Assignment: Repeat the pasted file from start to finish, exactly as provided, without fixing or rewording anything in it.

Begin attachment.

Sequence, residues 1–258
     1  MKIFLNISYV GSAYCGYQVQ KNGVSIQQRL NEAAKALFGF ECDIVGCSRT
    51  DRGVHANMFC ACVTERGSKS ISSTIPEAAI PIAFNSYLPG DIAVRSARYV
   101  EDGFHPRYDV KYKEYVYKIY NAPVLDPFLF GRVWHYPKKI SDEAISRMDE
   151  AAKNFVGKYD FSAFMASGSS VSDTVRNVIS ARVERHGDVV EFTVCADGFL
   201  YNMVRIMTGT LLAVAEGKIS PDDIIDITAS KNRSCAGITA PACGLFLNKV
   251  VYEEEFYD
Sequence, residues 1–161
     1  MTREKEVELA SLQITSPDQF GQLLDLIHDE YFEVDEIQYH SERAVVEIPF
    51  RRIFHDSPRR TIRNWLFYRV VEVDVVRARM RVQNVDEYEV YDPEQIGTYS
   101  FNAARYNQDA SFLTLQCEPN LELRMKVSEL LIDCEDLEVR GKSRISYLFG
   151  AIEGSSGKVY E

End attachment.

Sequence, residues 1–258
     1  MKIFLNISYV GSAYCGYQVQ KNGVSIQQRL NEAAKALFGF ECDIVGCSRT
    51  DRGVHANMFC ACVTERGSKS ISSTIPEAAI PIAFNSYLPG DIAVRSARYV
   101  EDGFHPRYDV KYKEYVYKIY NAPVLDPFLF GRVWHYPKKI SDEAISRMDE
   151  AAKNFVGKYD FSAFMASGSS VSDTVRNVIS ARVERHGDVV EFTVCADGFL
   201  YNMVRIMTGT LLAVAEGKIS PDDIIDITAS KNRSCAGITA PACGLFLNKV
   251  VYEEEFYD
Sequence, residues 1–161
     1  MTREKEVELA SLQITSPDQF GQLLDLIHDE YFEVDEIQYH SERAVVEIPF
    51  RRIFHDSPRR TIRNWLFYRV VEVDVVRARM RVQNVDEYEV YDPEQIGTYS
   101  FNAARYNQDA SFLTLQCEPN LELRMKVSEL LIDCEDLEVR GKSRISYLFG
   151  AIEGSSGKVY E